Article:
This paper presents results with a mouse model for type 1 SMA that represent the first report of the electrophysiological properties of SMN-deficient motor neurons. Multi-electrode recordings of ventral horns from mice modeling the most severe form of SMA record many fewer active neurons on P5 and P6 than control littermates. The decrease in electrically active cells is observed both in the smaller number of sites in the ventral horns where neural activity can be recorded, and in the smaller number of spiking neurons recorded by each electrode. Of the pharmacological agents tested, serotonin was the only one that had much effect on the activity of the ventral horn neurons. In both control and SMA slices, serotonin recruited more neurons to be active by increasing both the number of electrodes recording activity and the average number of neurons recorded by each electrode. Serotonin also increased the spike frequency of the active cells. However, on the whole, the magnitude of the stimulating effects of serotonin was lower in SMA slices compared to controls. The total distribution of spike frequencies showed that in control slices, serotonin shifted all peaks of the distribution toward higher frequencies, and the effect was most pronounced at lower spike frequencies. In contrast, in the SMA slices, there was little change in the mean and the proportion of observations in the lowest frequency peak, and only modest shifts in the means of the medium and higher frequency peaks. Overall, our slice recordings from the SMA model mice suggest that by P5–P6 many motor neurons in the ventral spinal cord are no longer active, and those that remain are less active overall and less able to be stimulated by modulating agents. These results are consistent with histological studies with this mouse model which showed the normal number of spinal and brainstem motor neurons at PI, but a decrease in motor neuron cell bodies in the spinal cord of 20–30% by P3–P5 compared to age-matched controls . These results are also consistent with electrophysiological studies of human SMA subjects, which found decreases in motor unit number associated with symptom onset and progressing over time .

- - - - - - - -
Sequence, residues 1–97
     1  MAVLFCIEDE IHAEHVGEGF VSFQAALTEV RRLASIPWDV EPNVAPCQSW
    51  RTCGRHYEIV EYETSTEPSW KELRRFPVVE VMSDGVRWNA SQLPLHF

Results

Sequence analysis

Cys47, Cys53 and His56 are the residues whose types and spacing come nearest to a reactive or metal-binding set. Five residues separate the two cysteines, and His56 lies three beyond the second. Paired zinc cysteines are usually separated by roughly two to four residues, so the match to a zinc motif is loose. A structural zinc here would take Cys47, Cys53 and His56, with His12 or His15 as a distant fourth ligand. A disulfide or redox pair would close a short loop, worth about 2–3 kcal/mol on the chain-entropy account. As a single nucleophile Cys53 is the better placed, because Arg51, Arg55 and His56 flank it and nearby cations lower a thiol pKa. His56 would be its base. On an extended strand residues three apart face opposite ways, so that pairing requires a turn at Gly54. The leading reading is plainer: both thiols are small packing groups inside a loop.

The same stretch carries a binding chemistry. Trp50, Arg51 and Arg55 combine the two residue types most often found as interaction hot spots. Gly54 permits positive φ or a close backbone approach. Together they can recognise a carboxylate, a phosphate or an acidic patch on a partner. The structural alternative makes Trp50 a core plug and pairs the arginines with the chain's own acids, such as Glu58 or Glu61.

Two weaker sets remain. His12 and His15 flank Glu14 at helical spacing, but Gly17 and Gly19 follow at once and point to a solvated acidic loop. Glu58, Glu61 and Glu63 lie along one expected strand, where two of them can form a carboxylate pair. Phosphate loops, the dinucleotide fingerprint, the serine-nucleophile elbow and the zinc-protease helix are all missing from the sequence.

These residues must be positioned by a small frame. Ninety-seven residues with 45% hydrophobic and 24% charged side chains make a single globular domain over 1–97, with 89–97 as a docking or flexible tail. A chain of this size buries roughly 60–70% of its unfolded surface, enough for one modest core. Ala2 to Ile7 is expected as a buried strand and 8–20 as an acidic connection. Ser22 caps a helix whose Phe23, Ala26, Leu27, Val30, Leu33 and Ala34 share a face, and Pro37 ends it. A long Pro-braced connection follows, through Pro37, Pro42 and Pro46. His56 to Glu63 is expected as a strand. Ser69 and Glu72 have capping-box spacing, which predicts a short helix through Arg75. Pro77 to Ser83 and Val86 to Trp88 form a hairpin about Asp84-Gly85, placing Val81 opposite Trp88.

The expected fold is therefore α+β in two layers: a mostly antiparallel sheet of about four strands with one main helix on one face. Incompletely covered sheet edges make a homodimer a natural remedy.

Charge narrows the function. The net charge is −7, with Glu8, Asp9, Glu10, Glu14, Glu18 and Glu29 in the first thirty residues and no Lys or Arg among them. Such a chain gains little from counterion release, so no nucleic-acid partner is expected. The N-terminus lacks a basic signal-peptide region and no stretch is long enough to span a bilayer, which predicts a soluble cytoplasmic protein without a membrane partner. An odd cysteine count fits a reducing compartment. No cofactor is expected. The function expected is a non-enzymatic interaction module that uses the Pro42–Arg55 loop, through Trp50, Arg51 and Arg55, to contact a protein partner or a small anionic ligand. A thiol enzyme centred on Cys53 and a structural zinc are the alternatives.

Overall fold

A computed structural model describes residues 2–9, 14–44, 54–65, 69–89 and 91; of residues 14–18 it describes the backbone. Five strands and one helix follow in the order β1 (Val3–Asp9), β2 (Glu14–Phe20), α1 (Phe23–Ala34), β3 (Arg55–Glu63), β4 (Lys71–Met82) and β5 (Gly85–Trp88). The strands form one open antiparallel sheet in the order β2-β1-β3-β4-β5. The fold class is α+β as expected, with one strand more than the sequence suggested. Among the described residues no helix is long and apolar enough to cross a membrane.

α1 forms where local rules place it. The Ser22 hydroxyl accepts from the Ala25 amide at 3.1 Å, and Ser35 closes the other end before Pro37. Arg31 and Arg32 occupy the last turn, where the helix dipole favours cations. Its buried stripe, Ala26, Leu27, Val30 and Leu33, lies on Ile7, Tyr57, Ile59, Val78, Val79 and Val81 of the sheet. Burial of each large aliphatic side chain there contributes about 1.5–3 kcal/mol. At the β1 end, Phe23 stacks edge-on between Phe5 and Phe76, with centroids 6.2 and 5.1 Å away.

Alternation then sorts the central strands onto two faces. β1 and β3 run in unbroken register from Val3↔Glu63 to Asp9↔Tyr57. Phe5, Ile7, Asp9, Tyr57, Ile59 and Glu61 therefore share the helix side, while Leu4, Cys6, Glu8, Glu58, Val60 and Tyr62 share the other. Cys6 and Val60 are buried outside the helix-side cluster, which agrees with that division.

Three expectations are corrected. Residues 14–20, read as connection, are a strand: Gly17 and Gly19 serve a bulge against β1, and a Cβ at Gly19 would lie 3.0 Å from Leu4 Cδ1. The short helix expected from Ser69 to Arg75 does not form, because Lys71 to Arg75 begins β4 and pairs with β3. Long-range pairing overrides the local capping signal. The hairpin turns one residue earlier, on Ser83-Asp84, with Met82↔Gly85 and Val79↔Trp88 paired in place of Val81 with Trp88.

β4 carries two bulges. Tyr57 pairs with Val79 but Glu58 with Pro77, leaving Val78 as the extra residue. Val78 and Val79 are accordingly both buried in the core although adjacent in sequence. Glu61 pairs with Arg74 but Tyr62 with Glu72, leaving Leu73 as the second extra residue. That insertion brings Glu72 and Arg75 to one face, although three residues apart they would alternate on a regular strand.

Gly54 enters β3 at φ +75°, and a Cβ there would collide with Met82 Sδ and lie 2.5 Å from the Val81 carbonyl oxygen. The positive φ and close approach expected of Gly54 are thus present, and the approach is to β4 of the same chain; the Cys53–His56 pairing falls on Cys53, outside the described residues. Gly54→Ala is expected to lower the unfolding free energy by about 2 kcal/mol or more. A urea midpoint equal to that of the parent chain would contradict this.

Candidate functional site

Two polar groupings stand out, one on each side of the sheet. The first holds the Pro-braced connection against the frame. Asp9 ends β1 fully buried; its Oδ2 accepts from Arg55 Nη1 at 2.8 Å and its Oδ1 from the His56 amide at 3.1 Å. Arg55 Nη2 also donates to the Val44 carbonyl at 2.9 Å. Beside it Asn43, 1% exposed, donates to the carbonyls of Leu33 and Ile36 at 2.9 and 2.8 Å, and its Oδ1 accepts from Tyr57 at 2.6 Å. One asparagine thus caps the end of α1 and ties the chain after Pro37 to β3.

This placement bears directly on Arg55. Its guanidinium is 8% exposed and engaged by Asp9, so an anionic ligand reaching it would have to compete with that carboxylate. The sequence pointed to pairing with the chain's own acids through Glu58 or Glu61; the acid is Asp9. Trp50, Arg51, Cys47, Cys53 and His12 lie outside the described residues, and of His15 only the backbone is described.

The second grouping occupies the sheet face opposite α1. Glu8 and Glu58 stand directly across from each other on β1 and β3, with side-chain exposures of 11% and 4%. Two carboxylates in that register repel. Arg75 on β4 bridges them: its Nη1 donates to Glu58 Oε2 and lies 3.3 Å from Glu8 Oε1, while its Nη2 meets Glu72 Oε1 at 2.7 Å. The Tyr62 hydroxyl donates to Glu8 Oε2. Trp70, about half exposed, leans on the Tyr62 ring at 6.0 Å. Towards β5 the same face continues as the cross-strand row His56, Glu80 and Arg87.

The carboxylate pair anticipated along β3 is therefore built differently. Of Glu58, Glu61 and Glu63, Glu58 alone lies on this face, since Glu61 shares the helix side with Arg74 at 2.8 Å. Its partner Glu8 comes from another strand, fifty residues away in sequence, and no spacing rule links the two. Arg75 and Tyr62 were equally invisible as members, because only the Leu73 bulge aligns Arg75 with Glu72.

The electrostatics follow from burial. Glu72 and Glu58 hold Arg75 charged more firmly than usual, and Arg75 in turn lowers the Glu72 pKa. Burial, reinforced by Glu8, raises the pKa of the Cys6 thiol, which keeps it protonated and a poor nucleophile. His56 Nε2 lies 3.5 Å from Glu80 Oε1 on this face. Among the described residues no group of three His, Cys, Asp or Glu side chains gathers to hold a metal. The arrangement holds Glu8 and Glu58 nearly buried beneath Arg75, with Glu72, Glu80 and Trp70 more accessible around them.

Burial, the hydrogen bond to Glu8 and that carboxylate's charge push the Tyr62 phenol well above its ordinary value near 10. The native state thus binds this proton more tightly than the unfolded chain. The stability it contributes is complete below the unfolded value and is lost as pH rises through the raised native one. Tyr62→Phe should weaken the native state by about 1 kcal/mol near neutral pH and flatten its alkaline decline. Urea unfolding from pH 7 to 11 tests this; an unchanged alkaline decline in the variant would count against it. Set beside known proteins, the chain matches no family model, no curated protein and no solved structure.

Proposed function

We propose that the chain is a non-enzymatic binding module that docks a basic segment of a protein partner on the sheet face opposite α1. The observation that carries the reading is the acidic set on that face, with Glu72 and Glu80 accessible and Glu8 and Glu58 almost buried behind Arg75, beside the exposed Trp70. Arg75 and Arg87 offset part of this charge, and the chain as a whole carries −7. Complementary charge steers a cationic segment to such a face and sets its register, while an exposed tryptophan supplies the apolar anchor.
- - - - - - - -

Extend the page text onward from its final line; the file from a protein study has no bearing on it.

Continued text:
In contrast, when SMA motor neurons are removed from the spinal cord of day 13 embryos and cultured in vitro, no differences could be observed between their electrophysiological properties and those of neurons from control littermates. Similar to an earlier report , cell survival appeared to be the same up to culture day 21 which is approximately equivalent to post-natal day 14. Not only did the SMA cells survive, there was no difference in their resting membrane potential or the frequency of spontaneous action potential activity compared to wild type motor neurons. In addition, no difference was observed in synaptic function between the wild type and SMA neurons in culture, in spite of several studies with mutant pups showing reduced excitability in the axon terminals, impaired synaptic vesicle release and neurotransmission failures at neuromuscular synapses , , . Recordings of the frequency and amplitude of spontaneous excitatory post-synaptic potentials (many of which are likely to represent synapses between motor neurons) found no difference between wild type and SMA neurons even after 21 days in culture. Inhibitory post-synaptic potentials were also the same in mutant and control neurons, indicating that cultured wild type and mutant neurons were equally responsive to GABA, while in slice recordings, only control cells were inhibited by GABA. These results suggest that there is no difference in the number and efficacy of synapses formed by networks of wild type and SMN-deficient motor neurons grown in culture.